Contributing to the organisation of education can improve the curriculum and motivate students. But how might we define the student voice, and how can teachers channel it in productive ways? What are the best ways to enable students to participate in shaping their courses? Do teachers require additional skills to collaborate with students in this process?
In 2004, SoundOut, an organisation working to improve meaningful student involvement, began defining student voice as ‘the individual and collective perspective and actions of young people within the context of learning and education’.
Since then, the importance of incorporating student voice into educational processes has expanded and now includes students and pupils at all stages of education. Any person participating in the process of learning has a voice that should be engaged and heard. Students have a right to participate in the development and design of their own learning.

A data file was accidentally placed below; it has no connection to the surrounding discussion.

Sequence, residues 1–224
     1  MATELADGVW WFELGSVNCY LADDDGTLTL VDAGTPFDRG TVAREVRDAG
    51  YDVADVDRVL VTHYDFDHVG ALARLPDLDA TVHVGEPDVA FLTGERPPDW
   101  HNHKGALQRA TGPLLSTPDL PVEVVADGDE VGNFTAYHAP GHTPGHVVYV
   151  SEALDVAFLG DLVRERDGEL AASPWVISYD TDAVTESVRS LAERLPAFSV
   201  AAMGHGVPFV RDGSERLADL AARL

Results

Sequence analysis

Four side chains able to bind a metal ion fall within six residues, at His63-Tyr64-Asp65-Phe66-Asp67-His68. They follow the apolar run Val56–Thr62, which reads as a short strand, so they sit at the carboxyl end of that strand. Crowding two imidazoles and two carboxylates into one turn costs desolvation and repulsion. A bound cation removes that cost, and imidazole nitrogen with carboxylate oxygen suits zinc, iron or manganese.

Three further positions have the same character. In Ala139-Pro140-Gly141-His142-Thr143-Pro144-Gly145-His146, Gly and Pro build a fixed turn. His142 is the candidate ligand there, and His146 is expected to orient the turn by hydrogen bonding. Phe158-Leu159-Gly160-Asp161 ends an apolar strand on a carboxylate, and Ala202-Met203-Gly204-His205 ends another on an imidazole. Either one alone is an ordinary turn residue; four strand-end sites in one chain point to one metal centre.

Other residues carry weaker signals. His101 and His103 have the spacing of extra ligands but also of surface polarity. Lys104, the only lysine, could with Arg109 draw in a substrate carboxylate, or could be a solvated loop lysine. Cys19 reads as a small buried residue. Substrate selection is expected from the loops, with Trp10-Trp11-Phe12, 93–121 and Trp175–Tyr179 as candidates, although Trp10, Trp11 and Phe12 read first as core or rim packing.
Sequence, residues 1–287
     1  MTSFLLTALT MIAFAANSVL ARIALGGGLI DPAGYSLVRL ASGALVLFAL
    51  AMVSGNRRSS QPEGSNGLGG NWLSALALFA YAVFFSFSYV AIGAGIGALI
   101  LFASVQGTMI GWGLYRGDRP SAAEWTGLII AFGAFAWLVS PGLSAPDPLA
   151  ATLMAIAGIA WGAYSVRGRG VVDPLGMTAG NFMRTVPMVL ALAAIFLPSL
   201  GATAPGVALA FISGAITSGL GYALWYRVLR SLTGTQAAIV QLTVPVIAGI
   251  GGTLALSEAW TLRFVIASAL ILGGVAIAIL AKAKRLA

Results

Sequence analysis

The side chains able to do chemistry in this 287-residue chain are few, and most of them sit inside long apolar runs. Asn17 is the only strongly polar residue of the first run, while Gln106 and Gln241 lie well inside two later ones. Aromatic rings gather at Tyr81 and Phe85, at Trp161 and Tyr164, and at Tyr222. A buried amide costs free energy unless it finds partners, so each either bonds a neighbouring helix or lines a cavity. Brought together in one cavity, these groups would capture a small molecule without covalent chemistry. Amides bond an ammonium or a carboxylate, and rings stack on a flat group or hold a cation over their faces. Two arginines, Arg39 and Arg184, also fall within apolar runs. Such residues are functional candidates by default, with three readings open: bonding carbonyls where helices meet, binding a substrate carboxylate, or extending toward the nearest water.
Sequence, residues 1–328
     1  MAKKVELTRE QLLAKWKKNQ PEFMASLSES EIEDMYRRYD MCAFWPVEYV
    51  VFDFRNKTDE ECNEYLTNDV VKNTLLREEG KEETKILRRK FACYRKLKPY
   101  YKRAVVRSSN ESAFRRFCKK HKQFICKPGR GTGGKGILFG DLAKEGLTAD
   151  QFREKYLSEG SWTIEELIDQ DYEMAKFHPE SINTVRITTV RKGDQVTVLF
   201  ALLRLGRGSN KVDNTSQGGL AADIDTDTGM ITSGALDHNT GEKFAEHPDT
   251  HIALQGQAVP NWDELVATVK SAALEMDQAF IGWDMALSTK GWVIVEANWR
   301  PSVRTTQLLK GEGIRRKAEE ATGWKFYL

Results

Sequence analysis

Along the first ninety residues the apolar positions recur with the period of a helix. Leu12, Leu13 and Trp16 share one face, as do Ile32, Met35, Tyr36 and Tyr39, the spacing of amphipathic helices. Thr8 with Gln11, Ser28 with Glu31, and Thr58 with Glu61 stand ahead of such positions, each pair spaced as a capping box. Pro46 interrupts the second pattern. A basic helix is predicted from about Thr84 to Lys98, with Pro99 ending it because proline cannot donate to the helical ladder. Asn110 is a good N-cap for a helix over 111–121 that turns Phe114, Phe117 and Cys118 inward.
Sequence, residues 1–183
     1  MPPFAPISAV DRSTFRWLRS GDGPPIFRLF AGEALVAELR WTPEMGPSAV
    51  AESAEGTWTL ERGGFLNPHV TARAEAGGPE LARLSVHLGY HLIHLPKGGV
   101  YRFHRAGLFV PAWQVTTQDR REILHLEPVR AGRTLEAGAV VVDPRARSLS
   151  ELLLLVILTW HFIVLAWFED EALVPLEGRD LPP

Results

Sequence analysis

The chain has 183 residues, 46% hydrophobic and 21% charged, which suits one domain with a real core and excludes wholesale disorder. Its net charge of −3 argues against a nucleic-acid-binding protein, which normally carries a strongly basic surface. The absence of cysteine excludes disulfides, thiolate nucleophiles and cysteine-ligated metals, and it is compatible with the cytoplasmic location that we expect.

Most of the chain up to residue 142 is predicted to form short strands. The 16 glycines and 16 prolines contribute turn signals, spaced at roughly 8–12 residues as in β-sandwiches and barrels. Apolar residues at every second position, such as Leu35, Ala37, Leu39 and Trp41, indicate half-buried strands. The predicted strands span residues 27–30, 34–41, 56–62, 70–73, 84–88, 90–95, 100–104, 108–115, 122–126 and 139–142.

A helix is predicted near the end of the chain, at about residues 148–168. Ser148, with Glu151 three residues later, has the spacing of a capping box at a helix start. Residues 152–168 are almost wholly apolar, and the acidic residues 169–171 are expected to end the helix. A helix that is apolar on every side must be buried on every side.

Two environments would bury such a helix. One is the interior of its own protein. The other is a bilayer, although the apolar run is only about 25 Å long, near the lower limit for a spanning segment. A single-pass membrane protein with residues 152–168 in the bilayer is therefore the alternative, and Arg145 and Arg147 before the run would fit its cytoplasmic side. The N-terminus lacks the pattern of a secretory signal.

Education is coming to be viewed as a democratic process where the student has input and ownership over their educational journey. In fact, this can be relevant for nursery age children as well as for young people at colleges or universities.
What’s clear is that it is increasingly important to ensure that learners are engaged in the teaching and learning process but also in their role within their educational institution. Education prepares young people for life in the wider world. It is therefore vital, given the growing importance of internationalisation and the impact of recent global events such as 'Brexit' and potential changes in government policy, to consider whether an international aspect to student voice activities is a potential benefit.